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Practical Elixir Streams — To Infinity and Beyond

Evadne Wu
October 08, 2020

Practical Elixir Streams — To Infinity and Beyond

By using Elixir Streams, you can make your application more responsive and consume fewer resources. Within this session, I shall explain how Streams work, and provide a few practical uses of Streams, with a live demonstration.

Evadne Wu

October 08, 2020

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  1. Finite Enumerables Lists, Maps, Keywords, etc. are finite Enumerables, with

    contents generated ahead of time All of them can be enumerated in the same manner — in linear or constant time, depending on the structure — because they all implement the Enumerable protocol
  2. Lazy Enumerables Any data type which has an implementation of

    the Enumerable protocol can be enumerated. This attribute can in turn be used to create lazily evaluated Enumerables.
  3. Lazy Enumerables Lazy Enumerables can act as placeholders for actual

    content which minimises blocking Computation is spread throughout the lifetime of the enumerable and can be halted if the results are no longer required
  4. Using Lazy Enumerables Enum.to_list/1: to return a List Stream.run/1: to

    consume the Stream NB: Calling Enum functions on Streams forces evaluation
  5. Anything is Enumerable > Since enumerables can have different shapes

    (structs, anonymous functions, and so on), the functions in this module may return any of those shapes and this may change at any time.
  6. Enum.reduce/3 The core concept which drives all enumeration Can be

    used to implement all other Enum functions Can be replaced with optimisation paths Calls Enumerable.reduce/3
  7. Enumerable Protocol Defines a series of functions to be implemented

    by any data type that wishes to become enumerable Includes reduce/3, count/1, member?/2, slice/1 with reduce/3 providing core functionality
  8. Enumerable.reduce/3 The core building block of enumeration, which is implemented

    for all enumerable types Continuable, i.e. can be suspended
  9. Enumerable.reduce/3 @type acc :: {:cont | :halt | :suspend, term}

    @type reducer :: (acc -> result) @spec reduce(t, acc, reducer) :: result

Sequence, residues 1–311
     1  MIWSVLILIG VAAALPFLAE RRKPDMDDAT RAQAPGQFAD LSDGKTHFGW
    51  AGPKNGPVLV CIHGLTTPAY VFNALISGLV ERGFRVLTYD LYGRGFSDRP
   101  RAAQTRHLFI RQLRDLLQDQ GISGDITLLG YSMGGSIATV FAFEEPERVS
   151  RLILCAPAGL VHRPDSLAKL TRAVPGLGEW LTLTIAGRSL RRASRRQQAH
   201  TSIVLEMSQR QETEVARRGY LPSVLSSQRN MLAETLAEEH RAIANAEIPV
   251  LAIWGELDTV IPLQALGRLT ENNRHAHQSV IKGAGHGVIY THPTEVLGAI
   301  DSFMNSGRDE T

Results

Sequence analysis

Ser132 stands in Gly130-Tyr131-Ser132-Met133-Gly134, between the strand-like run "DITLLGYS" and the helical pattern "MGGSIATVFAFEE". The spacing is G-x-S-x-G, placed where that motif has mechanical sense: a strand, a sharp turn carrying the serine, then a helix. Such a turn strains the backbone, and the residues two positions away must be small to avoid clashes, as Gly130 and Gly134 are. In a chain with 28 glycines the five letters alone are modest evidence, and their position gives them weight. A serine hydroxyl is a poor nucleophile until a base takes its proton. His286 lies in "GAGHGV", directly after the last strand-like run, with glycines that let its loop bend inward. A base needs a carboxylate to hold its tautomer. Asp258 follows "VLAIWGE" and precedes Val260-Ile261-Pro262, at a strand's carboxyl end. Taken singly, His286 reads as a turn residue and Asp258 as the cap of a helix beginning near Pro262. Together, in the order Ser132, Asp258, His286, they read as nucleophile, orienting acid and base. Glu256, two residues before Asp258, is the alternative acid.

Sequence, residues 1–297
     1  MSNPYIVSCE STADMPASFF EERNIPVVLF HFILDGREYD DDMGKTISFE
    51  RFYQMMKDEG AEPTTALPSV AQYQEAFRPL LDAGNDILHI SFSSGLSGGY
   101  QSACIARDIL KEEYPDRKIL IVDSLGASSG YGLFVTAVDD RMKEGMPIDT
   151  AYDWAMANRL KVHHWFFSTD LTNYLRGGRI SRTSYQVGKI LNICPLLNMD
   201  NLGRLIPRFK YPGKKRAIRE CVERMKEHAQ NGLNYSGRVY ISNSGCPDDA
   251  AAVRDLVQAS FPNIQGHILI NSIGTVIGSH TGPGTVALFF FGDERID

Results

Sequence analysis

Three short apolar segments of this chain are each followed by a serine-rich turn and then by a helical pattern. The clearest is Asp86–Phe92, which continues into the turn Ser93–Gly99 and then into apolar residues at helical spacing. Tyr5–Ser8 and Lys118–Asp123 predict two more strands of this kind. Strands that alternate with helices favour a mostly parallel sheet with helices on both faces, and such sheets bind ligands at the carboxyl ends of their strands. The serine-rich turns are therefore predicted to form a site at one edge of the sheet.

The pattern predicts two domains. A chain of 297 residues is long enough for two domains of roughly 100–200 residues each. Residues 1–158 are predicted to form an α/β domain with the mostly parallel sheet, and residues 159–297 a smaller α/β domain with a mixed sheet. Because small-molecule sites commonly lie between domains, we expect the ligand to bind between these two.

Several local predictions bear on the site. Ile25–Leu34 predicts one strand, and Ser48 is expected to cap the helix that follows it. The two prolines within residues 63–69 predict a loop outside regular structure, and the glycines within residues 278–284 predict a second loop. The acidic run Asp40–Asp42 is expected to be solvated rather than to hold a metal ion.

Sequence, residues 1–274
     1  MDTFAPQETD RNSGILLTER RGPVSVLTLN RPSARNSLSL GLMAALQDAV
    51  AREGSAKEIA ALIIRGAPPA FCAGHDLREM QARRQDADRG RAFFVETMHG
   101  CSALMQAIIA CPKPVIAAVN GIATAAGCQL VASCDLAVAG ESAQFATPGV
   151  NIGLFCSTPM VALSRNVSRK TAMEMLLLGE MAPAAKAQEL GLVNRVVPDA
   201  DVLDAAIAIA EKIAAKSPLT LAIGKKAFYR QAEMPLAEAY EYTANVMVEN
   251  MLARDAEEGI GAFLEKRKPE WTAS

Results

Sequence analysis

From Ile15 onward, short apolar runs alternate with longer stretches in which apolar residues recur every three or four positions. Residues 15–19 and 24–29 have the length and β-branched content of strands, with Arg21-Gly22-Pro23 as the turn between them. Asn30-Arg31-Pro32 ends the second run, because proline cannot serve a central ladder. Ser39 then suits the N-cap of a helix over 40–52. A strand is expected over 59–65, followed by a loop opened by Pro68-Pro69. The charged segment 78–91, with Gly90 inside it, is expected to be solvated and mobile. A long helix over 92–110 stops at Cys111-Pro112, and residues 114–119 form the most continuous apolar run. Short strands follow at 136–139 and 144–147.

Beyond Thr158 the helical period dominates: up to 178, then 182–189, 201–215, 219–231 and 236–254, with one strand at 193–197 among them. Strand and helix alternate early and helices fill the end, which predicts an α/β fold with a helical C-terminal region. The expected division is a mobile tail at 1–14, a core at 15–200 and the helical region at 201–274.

10. Infinite Enumerables Any data type that implements Enumerable, and always

    returns new items in its reduce/3 implementation, is infinite. The Stream module provides convenience functions to construct such Enumerables!
  11. Infinite Enumerables Stream.unfold({0, 0}, fn {0, 0} -> {1, {1,

    0}} {1, 0} -> {1, {1, 1}} {c, p} -> {c + p, {c + p, c}} end)
  12. Stream Module = Convenience iex> Stream.map([1, 2, 3], & &1)

    #Stream<[ enum: [1, 2, 3], funs: [ #Function<48.68317796/1 in Stream.map/2> ] ]>
  13. Incremental Peeling Abuse of Enumerable.reduce/3 allows incremental consumption of any

    Enumerable, including Streams! Trick: Start the enumeration in a suspended state, accumulate into nil, but keep returning items Note: Streams might be non-reentrant
  14. Incremental Peeling reduce_fun = fn item, _ -> {:suspend, item}

    end acc = {:suspend, nil} result = Enumerable.reduce(enum, acc, reduce_fun) {:suspended, nil, next_fun} = result {:suspended, _, next_fun} = next_fun.({:cont, nil}) … {:done, nil} = next_fun.({:cont, nil})
  15. Note Streams are pull-based. No computation is done unless if

    new values are pulled from it. Collections are push-based. They can be used to collect output (e.g. File.Stream!/1)
  16. Stream.transform/3 iex> enum = 1001..9999 iex> n = 3 iex>

    stream = Stream.transform(enum, 0, fn i, acc -> ...> if acc < n, do: {[i], acc + 1}, else: {:halt, acc} ...> end) iex> Enum.to_list(stream) [1001, 1002, 1003]
  17. Stream.resource/3 Creates initial accumulator in start_fun Calls next_fun repeatedly until

    completion Calls after_fun at the end of enumeration Can be used for single-pass (streaming) file generation
  18. Stream.resource/3 Stream.resource( fn -> File.open!("sample") end, fn file -> case

    IO.read(file, :line) do data when is_binary(data) -> {[data], file} _ -> {:halt, file} end end, fn file -> File.close(file) end )
  19. Stream.into/2 Used to redirect output of a stream into a

    Collectable Useful when the Collectable represents the outside world (e.g. a File Handle)
  20. Task.async_stream/3 Emits a Stream which runs the given function once

    for each element in the Enumerable With options: max_concurrency, ordered Executed with Stream.run/1
  21. Plug.Conn.chunk/2 Sends the response to the client incrementally Requires a

    connection which has been configured with send_chunked/2 Leaves enumeration to the programmer
  22. Plug.Conn.chunk/2 Enum.reduce_while(enum, conn, fn (chunk, conn) -> case Plug.Conn.chunk(conn, chunk)

    do {:ok, conn} -> {:cont, conn} {:error, :closed} -> {:halt, conn} end end)
  23. StreamData Provides value generators in the form of Streams Can

    be used for data generation Very helpful for property-based testing
  24. StreamData use ExUnitProperties property "bin1 <> bin2 always starts with

    bin1" do check all bin1 <- binary(), bin2 <- binary() do assert String.starts_with?(bin1 <> bin2, bin1) end end
  25. Packmatic Generates a Zip64 archive stream Comes with Plug integration

    to enable fast download Added refinements based on prior community work
  26. Packmatic entries = [ [source: {:file, "/tmp/foo.pdf"}, path: "foo/bar.pdf"], [source:

    {:url, "https://example.com/baz.pdf"}, path: "baz.pdf"] ] Packmatic.build_stream(entries) |> Packmatic.Conn.send_chunked(conn, "download.zip")
  27. Why Use Streams? Minimise latency: Reduce time-to-first-byte and minimise jank

    risk (system saturation) Reduce resource usage: Eliminate peaks and avoid wasted work Reduce complexity: Leverage composition for shorter and more succinct programs